State Gets Green Light for Gila Decision

Judge says petitioner in open meetings case has to pay $62 million bond to keep restraining order in place

A District Court judge in Santa Fe has lifted a temporary restraining order against the New Mexico Interstate Stream Commission. The move allows the commission to move ahead with plans to notify the US Department of the Interior that New Mexico plans to build a diversion on the Gila River in southwestern New Mexico.

Although the commission has until the end of December to officially make that decision, it's a likely move, given that at a public meeting in Silver City last week, state staff recommended commissioners choose that course of action.

Earlier this month, District Court Judge Raymond Ortiz told lawyers for the commission that it may hold meetings that comply with public-access laws and can discuss the Gila, but can't make any decisions about potential projects. The ruling continued a temporary restraining order he put in place after a former director of the commission, Norman Gaume, sued the state for alleged violations of the New Mexico Open Meetings Act.

Ortiz recused himself from the case on Nov. 13—for reasons that have not been made public—and the case was assigned to Judge Francis Mathew, who was appointed to the bench in January 2013 by Gov. Susana Martinez.

During the hearing's proceedings, attorneys for the Interstate Stream Commission argued that if the restraining order stayed in place, the state would be damaged to the tune of  $62 million. According to Guame, the judge asked how much money he could put toward those losses.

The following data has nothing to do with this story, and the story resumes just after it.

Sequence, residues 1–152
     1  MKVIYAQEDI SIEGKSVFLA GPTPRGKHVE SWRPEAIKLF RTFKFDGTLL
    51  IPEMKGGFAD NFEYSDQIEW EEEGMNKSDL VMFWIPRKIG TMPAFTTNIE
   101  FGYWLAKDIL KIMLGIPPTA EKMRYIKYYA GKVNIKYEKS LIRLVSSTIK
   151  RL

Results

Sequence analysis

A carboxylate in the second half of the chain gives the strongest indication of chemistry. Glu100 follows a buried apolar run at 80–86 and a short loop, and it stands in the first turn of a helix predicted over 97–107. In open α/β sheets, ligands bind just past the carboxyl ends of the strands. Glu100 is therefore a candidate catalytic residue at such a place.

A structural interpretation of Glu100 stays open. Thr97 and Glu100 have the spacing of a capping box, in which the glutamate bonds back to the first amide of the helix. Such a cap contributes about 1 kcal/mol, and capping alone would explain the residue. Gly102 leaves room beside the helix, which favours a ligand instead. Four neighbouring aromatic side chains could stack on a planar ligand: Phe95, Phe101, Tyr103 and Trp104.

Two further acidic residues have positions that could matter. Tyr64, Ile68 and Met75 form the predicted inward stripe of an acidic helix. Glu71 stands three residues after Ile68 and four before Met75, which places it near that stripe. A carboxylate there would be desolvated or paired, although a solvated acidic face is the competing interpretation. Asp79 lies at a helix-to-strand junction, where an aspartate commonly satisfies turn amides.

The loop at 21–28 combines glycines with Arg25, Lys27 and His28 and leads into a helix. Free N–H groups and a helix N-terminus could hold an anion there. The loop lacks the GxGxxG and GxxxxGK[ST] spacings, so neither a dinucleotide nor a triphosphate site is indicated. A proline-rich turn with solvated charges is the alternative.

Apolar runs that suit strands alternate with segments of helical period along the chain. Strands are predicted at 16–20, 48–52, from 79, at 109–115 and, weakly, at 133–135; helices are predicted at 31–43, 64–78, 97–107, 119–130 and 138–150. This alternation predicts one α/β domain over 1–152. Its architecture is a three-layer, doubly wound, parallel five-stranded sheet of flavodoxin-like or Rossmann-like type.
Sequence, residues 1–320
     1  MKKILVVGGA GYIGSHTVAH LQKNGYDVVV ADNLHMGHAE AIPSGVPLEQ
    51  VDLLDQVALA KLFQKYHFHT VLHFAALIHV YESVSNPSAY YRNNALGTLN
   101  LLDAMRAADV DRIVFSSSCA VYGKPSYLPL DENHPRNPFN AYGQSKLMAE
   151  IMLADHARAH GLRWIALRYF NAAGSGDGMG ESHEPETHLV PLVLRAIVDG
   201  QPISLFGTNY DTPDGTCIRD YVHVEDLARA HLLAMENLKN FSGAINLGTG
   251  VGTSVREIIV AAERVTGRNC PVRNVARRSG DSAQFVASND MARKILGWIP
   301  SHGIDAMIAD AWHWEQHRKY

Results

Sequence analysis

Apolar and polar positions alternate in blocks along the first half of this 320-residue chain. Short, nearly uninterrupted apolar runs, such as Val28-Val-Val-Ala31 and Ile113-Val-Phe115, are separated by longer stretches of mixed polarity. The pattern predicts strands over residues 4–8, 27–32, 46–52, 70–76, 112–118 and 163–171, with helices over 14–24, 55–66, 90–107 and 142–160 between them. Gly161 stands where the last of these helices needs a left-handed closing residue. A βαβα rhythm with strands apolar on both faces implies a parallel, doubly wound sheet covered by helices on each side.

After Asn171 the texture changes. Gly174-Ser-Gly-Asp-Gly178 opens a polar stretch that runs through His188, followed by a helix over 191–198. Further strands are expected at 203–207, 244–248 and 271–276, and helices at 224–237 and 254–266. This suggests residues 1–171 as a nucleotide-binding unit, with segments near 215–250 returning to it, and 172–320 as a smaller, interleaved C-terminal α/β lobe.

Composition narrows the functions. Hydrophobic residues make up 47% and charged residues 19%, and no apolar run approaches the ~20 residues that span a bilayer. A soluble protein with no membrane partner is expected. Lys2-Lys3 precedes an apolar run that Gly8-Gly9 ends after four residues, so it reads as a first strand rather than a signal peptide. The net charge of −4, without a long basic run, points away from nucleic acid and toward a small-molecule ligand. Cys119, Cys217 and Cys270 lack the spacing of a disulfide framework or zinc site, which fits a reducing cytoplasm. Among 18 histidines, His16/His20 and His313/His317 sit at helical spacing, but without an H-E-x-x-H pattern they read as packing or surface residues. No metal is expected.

When Guame's attorney said he could pay only about $500 toward the required bond, the judge found the offer insufficient and he lifted the temporary restraining order. A new trial is set for April 6, 2015.

"This is a setback, and it's certainly not what I had hoped," says Gaume. "But I'm not going to go away. And more important than that, the facts aren't going to go away, the opposition isn't going to go away, the ISC is not going to succeed—and they're going to waste a lot of money before they inevitably fail."

Representing the Gila-San Francisco Water Commission, three New Mexico counties, the Village of Columbus and the City of Deming, Pete Domenici, Jr. also spoke at the Thursday hearing, pointing out that the opportunity for southwestern New Mexico to glean water from the Gila River has been building for decades—and that the temporary restraining order deprived them of their rights to the water.

"A restraining order—which would be issued without any hearing, or the opportunity for anyone to present evidence—and to have an effect on something this far-reaching," Domenici told SFR, "the court should not allow it to continue to hold up the process."

In mid-November, the nonprofit Gila Conservation Commission had filed an Open Meetings Act violation against the Gila-San Francisco Water Commission with the New Mexico Office of the Attorney General. In regularly-held a meeting a few days later, on Nov. 18, commissioners officially voted on actions already taken, including to intervene in Gaume's lawsuit against the state.

By the end of 2014, the commission must decide the state's role in the Arizona Water Rights Settlement, a federal deal that created a mechanism for potential conservation or diversion projects in southwestern New Mexico. In 2004, the feds set aside $66 million, pledging another $34 to $62 million if the state decided on a diversion project by the end of 2014.

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